NP: It’s taking shape a lot quicker than I thought. I sort of thought I’ll put the record out, maybe 5 years down the road we look at this — but it is all happening simultaneously, which is madness, but great. We’re actually doing our first workshop of the stage production. I’m working with a great scriptwriter named Karen Hartman, and we are doing our first workshop in February, right after I come back from Asheville, actually. So, I’ll do that tour with DeVotchKa, and then come home and we’ve got two weeks — and, you know, a workshop is exactly that. It’s very much a work in progress. It’s a way to use a space with actors and directors, but we’ll perform whatever we have ready at the end of that, but I think it’ll be the first of many iterations of whatever this will become.

EA: That’s very exciting!

NP: Yeah! [Laughs]

EA: Well, you mentioned Andrew Bird having a passionate fanbase, and I’d say the same thing about M. Ward and I thought it was neat you were able to connect with him for this album. How did that come about?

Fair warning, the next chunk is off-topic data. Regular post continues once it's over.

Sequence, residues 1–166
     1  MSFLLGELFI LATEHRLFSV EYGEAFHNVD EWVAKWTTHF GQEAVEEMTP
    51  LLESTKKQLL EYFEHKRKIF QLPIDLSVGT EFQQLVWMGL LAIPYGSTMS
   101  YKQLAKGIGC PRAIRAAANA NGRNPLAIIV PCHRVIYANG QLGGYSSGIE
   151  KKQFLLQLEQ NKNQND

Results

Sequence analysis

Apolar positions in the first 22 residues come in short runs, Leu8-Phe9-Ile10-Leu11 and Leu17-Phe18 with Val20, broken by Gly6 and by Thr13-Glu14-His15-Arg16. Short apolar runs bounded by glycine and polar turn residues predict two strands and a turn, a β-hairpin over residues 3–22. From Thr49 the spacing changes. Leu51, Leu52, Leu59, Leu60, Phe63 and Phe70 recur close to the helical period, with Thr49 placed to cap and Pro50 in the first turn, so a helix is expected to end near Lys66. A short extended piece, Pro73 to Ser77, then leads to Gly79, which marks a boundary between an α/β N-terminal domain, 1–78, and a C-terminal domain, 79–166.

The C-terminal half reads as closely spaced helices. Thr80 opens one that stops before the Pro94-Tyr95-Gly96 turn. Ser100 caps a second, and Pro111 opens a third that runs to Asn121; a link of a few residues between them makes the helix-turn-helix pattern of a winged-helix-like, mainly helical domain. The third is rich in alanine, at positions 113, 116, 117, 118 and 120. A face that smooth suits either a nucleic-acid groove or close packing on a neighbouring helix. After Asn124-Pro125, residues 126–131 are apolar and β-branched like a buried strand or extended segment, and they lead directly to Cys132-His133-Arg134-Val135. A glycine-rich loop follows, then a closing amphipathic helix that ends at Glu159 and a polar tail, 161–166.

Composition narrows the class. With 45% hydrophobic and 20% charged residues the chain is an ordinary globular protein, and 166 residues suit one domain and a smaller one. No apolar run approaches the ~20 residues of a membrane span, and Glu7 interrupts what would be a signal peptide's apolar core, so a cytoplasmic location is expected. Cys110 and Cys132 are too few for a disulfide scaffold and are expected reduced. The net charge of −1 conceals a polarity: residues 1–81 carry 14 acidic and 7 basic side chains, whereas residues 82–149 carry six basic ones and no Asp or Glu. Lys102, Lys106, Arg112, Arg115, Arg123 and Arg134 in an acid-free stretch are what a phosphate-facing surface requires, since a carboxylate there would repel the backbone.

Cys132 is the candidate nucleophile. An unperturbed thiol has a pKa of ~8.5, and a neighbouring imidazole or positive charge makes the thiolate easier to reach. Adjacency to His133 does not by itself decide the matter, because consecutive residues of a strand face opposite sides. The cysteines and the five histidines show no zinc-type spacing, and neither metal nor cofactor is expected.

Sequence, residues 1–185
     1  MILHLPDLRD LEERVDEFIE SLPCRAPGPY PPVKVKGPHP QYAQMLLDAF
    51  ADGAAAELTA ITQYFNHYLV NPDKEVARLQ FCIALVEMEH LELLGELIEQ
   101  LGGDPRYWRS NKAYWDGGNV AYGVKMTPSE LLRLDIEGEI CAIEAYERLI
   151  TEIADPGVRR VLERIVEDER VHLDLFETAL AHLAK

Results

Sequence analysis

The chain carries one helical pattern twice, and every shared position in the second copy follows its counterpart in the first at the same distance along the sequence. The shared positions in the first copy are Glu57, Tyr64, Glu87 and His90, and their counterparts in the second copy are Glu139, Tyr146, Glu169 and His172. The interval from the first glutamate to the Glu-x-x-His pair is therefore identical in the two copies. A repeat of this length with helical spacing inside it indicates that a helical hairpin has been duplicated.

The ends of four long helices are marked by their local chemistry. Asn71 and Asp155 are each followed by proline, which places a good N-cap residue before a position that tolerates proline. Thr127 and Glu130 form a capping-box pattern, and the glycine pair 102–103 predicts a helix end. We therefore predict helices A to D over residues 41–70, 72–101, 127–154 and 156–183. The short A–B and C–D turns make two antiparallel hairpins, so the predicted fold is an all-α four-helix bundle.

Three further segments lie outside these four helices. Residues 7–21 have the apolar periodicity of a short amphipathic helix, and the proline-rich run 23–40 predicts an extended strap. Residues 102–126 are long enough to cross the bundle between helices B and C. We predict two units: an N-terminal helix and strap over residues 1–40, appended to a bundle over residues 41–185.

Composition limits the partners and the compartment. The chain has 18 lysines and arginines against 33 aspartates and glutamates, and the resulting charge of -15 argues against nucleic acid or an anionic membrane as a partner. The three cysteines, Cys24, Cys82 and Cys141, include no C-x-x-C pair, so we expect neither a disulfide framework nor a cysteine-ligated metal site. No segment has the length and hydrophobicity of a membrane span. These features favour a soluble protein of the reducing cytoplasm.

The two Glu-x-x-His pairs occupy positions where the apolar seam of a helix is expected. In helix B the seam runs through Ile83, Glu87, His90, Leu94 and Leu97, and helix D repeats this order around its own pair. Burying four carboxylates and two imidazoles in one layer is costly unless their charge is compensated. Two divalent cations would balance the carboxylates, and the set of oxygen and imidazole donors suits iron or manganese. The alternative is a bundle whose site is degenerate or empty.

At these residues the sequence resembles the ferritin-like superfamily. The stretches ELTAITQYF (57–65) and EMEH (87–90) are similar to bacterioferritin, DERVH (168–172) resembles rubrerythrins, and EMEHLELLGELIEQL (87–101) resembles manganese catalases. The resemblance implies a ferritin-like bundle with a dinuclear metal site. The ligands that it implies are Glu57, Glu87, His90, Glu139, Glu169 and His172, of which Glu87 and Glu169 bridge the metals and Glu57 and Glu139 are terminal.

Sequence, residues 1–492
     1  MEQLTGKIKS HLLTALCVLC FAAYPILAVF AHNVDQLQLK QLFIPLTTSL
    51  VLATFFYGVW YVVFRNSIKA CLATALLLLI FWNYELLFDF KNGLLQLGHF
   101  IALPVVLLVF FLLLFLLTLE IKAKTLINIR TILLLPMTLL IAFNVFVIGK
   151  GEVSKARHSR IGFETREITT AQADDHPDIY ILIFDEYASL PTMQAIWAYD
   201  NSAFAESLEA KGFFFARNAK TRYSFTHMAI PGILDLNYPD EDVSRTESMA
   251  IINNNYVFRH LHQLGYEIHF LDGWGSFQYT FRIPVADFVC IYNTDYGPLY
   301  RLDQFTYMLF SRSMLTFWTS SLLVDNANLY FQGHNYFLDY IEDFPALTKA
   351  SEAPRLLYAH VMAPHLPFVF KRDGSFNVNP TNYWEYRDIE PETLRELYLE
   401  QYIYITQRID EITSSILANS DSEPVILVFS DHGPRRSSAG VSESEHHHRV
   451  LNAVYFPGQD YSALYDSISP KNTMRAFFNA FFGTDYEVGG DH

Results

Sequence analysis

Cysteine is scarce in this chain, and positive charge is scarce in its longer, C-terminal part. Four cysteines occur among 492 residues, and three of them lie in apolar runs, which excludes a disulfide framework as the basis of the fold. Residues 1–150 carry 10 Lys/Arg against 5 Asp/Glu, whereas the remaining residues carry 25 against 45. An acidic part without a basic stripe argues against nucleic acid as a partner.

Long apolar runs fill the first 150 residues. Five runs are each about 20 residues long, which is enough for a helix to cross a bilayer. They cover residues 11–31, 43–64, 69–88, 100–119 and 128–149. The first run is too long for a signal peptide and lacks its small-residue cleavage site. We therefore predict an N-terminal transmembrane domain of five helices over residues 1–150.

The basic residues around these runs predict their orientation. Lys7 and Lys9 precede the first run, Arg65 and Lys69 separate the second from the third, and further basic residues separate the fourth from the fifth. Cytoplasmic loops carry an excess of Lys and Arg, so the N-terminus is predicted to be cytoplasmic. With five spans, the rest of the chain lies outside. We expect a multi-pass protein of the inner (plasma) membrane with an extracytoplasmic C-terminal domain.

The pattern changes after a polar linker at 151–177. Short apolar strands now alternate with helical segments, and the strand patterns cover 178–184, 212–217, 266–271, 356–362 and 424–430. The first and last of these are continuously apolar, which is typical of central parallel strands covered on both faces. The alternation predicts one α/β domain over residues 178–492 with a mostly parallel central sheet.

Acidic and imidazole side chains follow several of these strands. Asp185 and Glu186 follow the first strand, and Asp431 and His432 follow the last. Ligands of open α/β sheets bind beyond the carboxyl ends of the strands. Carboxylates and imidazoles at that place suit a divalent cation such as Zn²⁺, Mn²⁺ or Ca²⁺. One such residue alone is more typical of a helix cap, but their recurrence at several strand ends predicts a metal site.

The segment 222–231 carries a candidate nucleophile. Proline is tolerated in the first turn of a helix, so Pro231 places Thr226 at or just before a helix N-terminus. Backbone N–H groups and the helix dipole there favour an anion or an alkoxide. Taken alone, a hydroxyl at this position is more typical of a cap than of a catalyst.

NP: That was an absolute dream come true. I’m a huge fan of M. Ward, just like I am of Andrew Bird. I just sort of got this stubborn idea in my head that he was going to produce my record. I was just going to figure out how to make it happen, but I just thought, you know, I’m a huge fan of him and I didn’t think this was too far a departure. It’s obviously different music, but I think he writes songs that have sort of this retro sound to them, I guess. And I’ve read a lot of what he’s inspired by and the artists he listens to and it seemed to align with some of the stuff I grew up listening to.

And by means of making these very crude, sort of homemade demos of a few songs, I was able to get a meeting with him and he was so gracious and kind. They say, “Never meet your heroes,” and it was just so not one of those situations. He was as cool, if not cooler and sweeter than I imagined him to be. I think it was one of the biggest things that happened in making this solo record — getting this validation from someone I respected so much, and being in the studio with him and having such a great experience and feeling just a lot more confidence around this project than I had. It was just me alone with my homemade demos. He was a great mentor in the studio and continues to be. It was an absolute dream come true to work with someone like M. Ward.

EA: Now, moving on to your live show, are you playing Rattlesnake from start to finish or are you working other things in?